Into the Sand Castle: A Lift-the-Flap Book (Cindy Jin)

Hello, friends! Our book today is Into the Sand Castle: A Lift-the-Flap Book, written by Cindy Jin and illustrated by Allison Black, an interactive board book that explores an undersea palace and its surprising inhabitants.

In a sea floor sand castle, complete with towering turrets and plenty of doors to explore, there lives a number of oceanic residents. From a friendly shark to grumpy king crab to an artistic octopus, little bookworms can have fun meeting some entertaining critters… and maybe even a magical surprise guest!

Underwater fun. Utilizing a creative cutout design and some absolutely adorable illustrations by Black, this board book takes a pretty basic premise and adds some colorful and engaging flair. The rhyming text is pretty simple to read, and even if the meter is a little inconsistent, the guessing game of who hides behind the lift-a-flap doors – and which door they’re hiding behind, as each spread features 2-3 flaps – is genuinely fun. Plus, I loved that the shark was characterized as “friendly” – anyone who knows about sharks know that they are usually painted as villains, which is pretty unfair for such an at-risk family of species. The length is perfect for the youngest of bookworms, and JJ really enjoyed the bright, colorful artwork and the multitude of interactive elements. Overall, this could be a fun one to kick off the summer, and we liked it. Baby Bookworm approved!

(Note: A copy of this book was provided to The Baby Bookworm by the publisher in exchange for an honest review.)

The Vanishing Lake (Paddy Donnelly)

Hello, friends! Our book today is The Vanishing Lake by Paddy Donnelly, an enchanting fable that celebrates imagination, curiosity, and everyday magic.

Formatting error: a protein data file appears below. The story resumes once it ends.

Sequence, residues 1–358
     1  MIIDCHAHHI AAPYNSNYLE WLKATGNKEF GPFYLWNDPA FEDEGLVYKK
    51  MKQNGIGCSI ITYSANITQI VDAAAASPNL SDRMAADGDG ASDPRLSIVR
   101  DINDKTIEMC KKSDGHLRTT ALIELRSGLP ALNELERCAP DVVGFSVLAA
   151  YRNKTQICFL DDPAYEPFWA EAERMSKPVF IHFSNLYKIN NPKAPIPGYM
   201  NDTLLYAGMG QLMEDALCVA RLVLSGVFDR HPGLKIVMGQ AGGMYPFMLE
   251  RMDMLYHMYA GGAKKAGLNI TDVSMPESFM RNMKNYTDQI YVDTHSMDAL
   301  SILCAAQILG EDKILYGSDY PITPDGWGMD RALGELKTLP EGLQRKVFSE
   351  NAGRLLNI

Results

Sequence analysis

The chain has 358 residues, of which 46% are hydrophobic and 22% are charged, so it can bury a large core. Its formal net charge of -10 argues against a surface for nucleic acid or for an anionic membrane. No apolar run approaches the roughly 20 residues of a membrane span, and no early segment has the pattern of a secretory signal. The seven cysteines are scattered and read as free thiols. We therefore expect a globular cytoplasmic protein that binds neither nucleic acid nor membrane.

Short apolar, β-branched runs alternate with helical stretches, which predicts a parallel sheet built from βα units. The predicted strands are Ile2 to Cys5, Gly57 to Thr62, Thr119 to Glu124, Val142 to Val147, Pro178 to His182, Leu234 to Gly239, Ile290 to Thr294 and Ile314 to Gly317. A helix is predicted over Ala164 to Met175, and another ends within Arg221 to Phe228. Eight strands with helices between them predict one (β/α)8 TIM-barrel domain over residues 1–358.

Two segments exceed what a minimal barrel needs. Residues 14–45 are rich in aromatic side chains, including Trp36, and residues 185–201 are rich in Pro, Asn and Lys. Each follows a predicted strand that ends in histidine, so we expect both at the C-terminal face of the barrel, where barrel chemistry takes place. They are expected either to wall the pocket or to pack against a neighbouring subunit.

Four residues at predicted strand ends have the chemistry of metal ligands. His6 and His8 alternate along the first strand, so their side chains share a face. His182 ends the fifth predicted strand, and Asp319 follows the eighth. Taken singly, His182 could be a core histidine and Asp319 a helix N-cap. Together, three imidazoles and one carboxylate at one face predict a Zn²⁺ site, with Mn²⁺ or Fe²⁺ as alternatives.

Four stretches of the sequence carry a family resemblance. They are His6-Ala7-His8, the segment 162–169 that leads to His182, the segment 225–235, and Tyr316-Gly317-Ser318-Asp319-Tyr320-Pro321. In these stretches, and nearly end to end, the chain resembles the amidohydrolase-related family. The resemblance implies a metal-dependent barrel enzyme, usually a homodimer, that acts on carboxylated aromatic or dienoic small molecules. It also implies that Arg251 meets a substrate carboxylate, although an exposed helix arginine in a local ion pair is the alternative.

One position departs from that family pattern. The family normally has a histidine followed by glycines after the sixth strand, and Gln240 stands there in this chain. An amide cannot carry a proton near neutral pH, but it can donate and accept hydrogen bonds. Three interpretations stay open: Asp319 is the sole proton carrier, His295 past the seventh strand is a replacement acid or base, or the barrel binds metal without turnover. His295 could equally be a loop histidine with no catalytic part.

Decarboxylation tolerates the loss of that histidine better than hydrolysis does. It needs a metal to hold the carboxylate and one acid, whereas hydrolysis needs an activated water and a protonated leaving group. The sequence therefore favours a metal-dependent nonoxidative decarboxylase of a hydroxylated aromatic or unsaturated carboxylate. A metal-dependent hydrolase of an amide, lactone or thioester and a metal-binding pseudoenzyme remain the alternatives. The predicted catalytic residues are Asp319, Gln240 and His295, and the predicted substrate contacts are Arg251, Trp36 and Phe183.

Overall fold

Meara loves to visit her Granddad and his pet otter, Cara, at his home of the shores of beautiful lake called Loughareema. With cool water to swim in, scattered rocks to jump across, and small islands to explore, Loughareema is a pretty normal lake… most of the time. But sometimes, for seemingly no reason at all, the lake will just up and disappear! Very suddenly, all the water will be gone until it rains again. Meara’s granddad has plenty of ridiculous explanations for this mysterious phenomenon, but Meara knows that there must be an answer in science. She begins to study and gather evidence of where the vanishing lake might be disappearing to, but with no answers and no leads. At last, Granddad offers to show Meara the truth about their disappearing lake… and it’s an explanation that no one expects!

Wonderful! I absolutely love a good plot twist in a children’s book, and this is one of the coolest – and most moving – I’ve ever seen. Loughareema, based on the actual vanishing lake near the author’s childhood home in Northern Ireland, actually does have a fascinating scientific explanation for its periodic disappearances, and one that Donnelly wisely adds in a very informative author’s note. But for the purposes of the story, it’s the magic of the mystery that is more important than solving it, and Paddy nicely balances fact and fantasy to sell the message that both scientific curiosity and imagination have value, especially for children. This is supported beautifully by the lush and atmospheric illustrations that pulls readers into the world of Meara’s lake, creating both a natural and somewhat mystical environment. The length is great for a storytime, and JJ really enjoyed the surprise twist, and loved that Granddad’s otter shared a name with her mom (lol). Overall, this was a wonderful read with a lot of style and a sweet message, and we highly recommend it. Baby Bookworm approved!

(Note: A copy of this book was provided to The Baby Bookworm by the publisher in exchange for an honest review.)

Home is Where the Birds Sing (Cynthia Rylant)

Hello, friends! Our book today is Home is Where the Birds Sing, written by Cynthia Rylant and illustrated by Katie Harnett, a sweet meditation on home and family.

What does “home” mean? Well, “home is where you come in from the rain.” It’s a place for food and fun, of security and acceptance. It’s where you are treated with kindness and respect, and where the surroundings reflect yourself and the things you love. It’s where stories are told and made, and where you are always welcome. It is where you hear birdsong, not only with your ears, but with your heart.